An all-female panel wrangled with issues of misconduct by writers and other creative people, sexual assault and censorship in a discussion last week sponsored by Avid Bookshop.
#MeToo, a phrase coined by activist Tarana Burke in 1997 and recently turned into a hashtag, and Junot Diaz, a Pulitzer Prize winner accused of sexual misconduct, were mentioned at the start—the clear catalysts for this discussion. Survivors now “feel that someone is actually listening to them,” said Kendall Worman, community involvement and volunteer coordinator at the local domestic violence nonprofit Project Safe, “and not saying, ‘Oh, what were you doing, why did you get yourself in this situation where something like this could happen?’ but rather placing the blame on the perpetrators and the parties responsible. It’s really an amazing thing to see, especially with survivors and the historical [response to assault]. They finally have a voice.”
Holding perpetrators accountable comes into play with how academics, publishers, other writers, booksellers and advocates respond to these allegations. Esra Mirze Santesso, associate department head of English at UGA, was an advocate of temperance when it came to judging a person’s guilt, suggesting that it’s best to let current systems of justice make their decision before deciding on a personal response. “We have to put our faith in the legal system and be able to separate between accusation, allegation, carnality, willfulness and lawlessness,” she said.
But the justice system has not always been able to appropriately discipline men for sexually motivated crimes. Plenty of legislation is meant to combat sexual violence, but only 31 percent of assaults are actually reported, according to the Rape, Abuse and Incest National Network, or RAINN. Only 1.1 percent are referred to prosecutors, and only 0.6 percent of convicted rapists ever see any jail time. #MeToo has created an alternative to the systems that have historically failed to provide proper support to survivors, and it also seeks to hold their perpetrators accountable when the legal system can’t or won’t.
To those who cry that moralist booksellers and publishers are stifling future literary classics, Xhenet Aliu, a local author and librarian, said, “All legitimate information has a right to exist, but nobody has the right to be published. I can guarantee you that there are millions of people with valuable things to contribute who will never get a book contract. There’s someone out there who can write just as well [as an abuser].”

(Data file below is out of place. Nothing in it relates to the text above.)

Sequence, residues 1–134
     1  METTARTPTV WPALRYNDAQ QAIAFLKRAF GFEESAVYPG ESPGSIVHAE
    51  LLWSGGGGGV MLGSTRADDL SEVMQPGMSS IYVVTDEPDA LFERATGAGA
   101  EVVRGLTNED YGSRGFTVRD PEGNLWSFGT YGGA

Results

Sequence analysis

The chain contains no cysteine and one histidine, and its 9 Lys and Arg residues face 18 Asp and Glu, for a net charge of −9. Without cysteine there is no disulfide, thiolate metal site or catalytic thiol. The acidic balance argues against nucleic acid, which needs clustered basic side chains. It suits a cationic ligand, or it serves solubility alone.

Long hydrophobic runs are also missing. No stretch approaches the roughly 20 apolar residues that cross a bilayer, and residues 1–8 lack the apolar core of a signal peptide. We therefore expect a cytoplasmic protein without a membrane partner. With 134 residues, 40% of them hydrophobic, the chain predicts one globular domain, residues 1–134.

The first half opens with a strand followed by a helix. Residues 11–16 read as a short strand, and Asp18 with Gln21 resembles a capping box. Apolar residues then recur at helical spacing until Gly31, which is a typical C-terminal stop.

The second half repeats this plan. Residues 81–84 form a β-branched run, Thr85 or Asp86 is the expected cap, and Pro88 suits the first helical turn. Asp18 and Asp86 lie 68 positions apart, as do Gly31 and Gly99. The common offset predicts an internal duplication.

It’s more complicated for publishers who wish to distance themselves from abusers, especially where contracts are involved. The academic University of Georgia Press is considering including a morality clause in contracts after director Lisa Bayer said she would cancel the contracts of repeat harassers at a Southern Association of Women Historians meeting. The idea is still very new, according to Jordan Stepp, intellectual property manager for UGA Press.
“We’re still wrangling over the language and how to do [the clause], because on one hand, I don’t want to publish an abuser’s book,” Stepp said. “On the other hand, there’s the legal definition of what constitutes misconduct or something immoral. Just 30 years ago, being gay was considered immoral, so we could have dropped someone for that. All it takes is the wrong person in power to use certain language to censor people. So, it’s a very delicate balancing act of where law and morals meet, because what is illegal isn’t always immoral, and what’s immoral isn’t always against the law.”
Academics have to face a complicated question of their own: Is it right to stop teaching works by known abusers—and just generally bad people—when those works are of great academic or cultural value? “In literary studies, we tend to think that there’s a certain distance between the author and the work that they create,” Santesso said. “That’s when we treat the text in isolation. The question, to me, is what is the relationship between the author and the work they produce?”
Aliu used the example of Diaz. “The misogyny is all on the page,” she said of his works, “but I always read it as a kind of challenge to the misogyny of the culture that he comes from. And then hearing the revelations about him—he’s not challenging misogyny at all, he’s reinforcing it. And so it changed how I responded to that work.” What at first seemed to be a clever way to challenge power structures with marginalized voices turned out not to be that thoughtful at all, and it makes Diaz’s work less interesting and less subversive in hindsight.
“I don’t want you to give them money,” said Kate Lorraine Rascoe, an Avid bookseller, “but I think it’s difficult when you ask, ‘Does this art have this effect on me?’ or ‘Do we want this person to be in the canon 100 years from now?’ My answer is no. We have a chance to not have horrible people in the canon. We can say no right now.”
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